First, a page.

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NEWS: Strike against Vale in Sudbury may end

The 3,100 workers of Local 6500 of the United Steelworkers have been on strike against Vale in Sudbury since July 2009.

There are now media reports that the strike may end after a union vote on the terms of a new agreement.

What are the issues?

The April 2010 issue of Report on Business magazine reported that, “A (Vale Inco) strategy workshop held a month before the (July 2009) walkout complained that mining costs in Sudbury are 50% to 100% higher than corresponding ‘world-class mines’. The report from the workshop said it now costs Vale between $4 and $5 to produce a pound of nickel. That cost, it said, should be lowered to the $2.50 level. Assessing Sudbury and costs in the world-class mines, the document said, ‘The differences are largely in numbers of direct employees’.”

“(In Sudbury), Vale (also) wanted to end the Inco defined pension plan and move to a less onerous defined contribution plan, such as the one Vale miners at Voisey’s Bay have.”

“Next on the list of changes was a reduction of the profit-sharing plan known as the nickel bonus…”

The Globe and Mail reports today that, “The key terms of the agreement remain unclear. (Steelworkers spokesperson Wayne) Fraser would not say whether the deal his executive is recommending includes any concessions, such as a nickel bonus rollback or a shift to a defined contribution plan.”

Vale’s CEO had said last year that the Sudbury operations were “not sustainable” unless workers accepted major wage and benefit concessions.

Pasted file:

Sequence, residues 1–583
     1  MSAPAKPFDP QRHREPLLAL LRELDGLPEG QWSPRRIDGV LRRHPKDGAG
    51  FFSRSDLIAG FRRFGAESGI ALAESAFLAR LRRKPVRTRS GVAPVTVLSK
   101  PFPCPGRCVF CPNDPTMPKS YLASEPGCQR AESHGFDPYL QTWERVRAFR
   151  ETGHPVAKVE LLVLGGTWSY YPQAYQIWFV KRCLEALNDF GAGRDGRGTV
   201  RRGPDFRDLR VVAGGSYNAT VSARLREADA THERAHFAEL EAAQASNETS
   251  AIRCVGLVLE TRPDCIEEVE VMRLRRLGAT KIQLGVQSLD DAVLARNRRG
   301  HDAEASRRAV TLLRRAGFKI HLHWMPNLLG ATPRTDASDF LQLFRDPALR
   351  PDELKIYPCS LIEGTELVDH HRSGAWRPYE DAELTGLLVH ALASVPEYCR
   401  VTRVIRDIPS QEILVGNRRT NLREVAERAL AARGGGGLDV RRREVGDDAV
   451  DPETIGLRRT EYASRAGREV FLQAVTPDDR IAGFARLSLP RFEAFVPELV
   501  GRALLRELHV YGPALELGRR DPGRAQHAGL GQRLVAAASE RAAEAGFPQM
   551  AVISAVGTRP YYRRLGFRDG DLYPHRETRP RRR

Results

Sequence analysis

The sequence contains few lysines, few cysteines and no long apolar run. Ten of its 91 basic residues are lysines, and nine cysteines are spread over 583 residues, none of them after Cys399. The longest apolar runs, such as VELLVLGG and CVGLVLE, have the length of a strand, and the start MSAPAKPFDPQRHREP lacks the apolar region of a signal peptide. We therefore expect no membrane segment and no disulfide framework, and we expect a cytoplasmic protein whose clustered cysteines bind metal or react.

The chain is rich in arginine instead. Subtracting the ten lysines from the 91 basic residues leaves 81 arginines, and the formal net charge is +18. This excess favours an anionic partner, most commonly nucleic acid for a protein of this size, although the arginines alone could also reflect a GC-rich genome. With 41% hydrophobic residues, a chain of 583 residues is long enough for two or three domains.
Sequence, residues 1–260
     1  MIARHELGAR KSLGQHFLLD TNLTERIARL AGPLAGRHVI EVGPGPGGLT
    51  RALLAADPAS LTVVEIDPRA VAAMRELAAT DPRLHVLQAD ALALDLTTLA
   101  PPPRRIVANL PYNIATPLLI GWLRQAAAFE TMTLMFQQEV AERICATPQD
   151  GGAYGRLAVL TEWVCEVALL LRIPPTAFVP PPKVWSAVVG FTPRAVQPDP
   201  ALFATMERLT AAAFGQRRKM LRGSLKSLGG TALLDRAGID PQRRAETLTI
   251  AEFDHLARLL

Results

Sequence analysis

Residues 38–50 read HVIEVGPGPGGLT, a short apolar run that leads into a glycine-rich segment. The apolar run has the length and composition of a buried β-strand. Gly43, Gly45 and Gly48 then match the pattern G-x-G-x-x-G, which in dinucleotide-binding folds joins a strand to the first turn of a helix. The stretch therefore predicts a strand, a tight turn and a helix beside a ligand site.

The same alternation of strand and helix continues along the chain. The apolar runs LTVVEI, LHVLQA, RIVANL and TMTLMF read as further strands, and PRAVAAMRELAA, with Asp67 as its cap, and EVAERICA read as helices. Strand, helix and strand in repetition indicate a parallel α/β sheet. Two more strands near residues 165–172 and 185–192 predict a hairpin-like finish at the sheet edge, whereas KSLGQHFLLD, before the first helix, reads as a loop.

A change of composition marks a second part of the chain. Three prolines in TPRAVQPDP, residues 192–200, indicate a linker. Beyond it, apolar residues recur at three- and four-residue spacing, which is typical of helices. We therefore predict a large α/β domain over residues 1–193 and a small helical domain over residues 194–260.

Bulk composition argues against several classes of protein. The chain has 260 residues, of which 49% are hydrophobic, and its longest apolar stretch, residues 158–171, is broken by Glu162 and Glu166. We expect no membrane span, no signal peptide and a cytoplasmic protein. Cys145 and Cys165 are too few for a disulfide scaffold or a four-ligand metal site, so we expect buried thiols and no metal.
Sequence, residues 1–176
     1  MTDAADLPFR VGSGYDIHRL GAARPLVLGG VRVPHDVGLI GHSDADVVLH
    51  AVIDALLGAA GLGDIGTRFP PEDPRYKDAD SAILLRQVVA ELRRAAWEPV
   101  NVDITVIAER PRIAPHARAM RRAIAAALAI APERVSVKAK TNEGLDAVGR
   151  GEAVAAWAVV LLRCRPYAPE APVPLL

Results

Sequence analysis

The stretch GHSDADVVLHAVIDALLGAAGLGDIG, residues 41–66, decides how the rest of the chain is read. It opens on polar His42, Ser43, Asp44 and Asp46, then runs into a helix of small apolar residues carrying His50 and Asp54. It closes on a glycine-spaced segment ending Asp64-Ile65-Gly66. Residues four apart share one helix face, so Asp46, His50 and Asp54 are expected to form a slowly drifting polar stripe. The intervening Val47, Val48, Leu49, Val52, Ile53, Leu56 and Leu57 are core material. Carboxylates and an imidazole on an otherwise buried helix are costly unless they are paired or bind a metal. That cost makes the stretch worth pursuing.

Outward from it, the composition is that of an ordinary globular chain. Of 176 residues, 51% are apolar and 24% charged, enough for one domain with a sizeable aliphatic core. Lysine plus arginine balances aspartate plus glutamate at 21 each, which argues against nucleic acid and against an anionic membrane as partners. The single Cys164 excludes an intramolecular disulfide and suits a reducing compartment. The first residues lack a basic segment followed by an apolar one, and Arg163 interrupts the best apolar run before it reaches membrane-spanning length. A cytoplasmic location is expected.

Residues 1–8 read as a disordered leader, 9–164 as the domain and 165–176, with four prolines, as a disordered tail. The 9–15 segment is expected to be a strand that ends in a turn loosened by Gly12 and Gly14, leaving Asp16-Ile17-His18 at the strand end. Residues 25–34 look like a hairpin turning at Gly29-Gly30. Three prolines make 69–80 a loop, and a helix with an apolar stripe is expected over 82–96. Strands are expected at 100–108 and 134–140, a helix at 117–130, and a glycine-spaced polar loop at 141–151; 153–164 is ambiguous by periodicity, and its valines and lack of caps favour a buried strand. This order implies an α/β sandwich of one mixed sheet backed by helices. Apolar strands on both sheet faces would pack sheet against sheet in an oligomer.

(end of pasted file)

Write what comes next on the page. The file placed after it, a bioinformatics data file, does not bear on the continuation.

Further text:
All this from a company that made $4.2 billion in profits in 2007-08, and that has $21 billion in current assets.

And all this from the company that has created the expectation of jobs and prosperity for the people of Long Harbour through the destruction of their freshwater lake.

Sandy Pond

Sandy Pond

Vale started constructing a nickel processing plant at Long Harbour in Newfoundland in April 2009. The $2.2 billion plant – to be completed in 2013 – is intended to process nickel from the company’s operations in Voisey’s Bay and dump approximately 400,000 tonnes of tailings annually into Sandy Pond, a 30-hectare freshwater lake.

This destruction of Sandy Pond is possible because of the ‘Schedule 2′ exemption in the Metal Mining Effluent Regulations of the federal Fisheries Act.

For information on the Council of Canadians campaign against Schedule 2 and the destruction of Sandy Pond, please go to http://canadians.org/water/issues/TIAs/sandy-pond.html.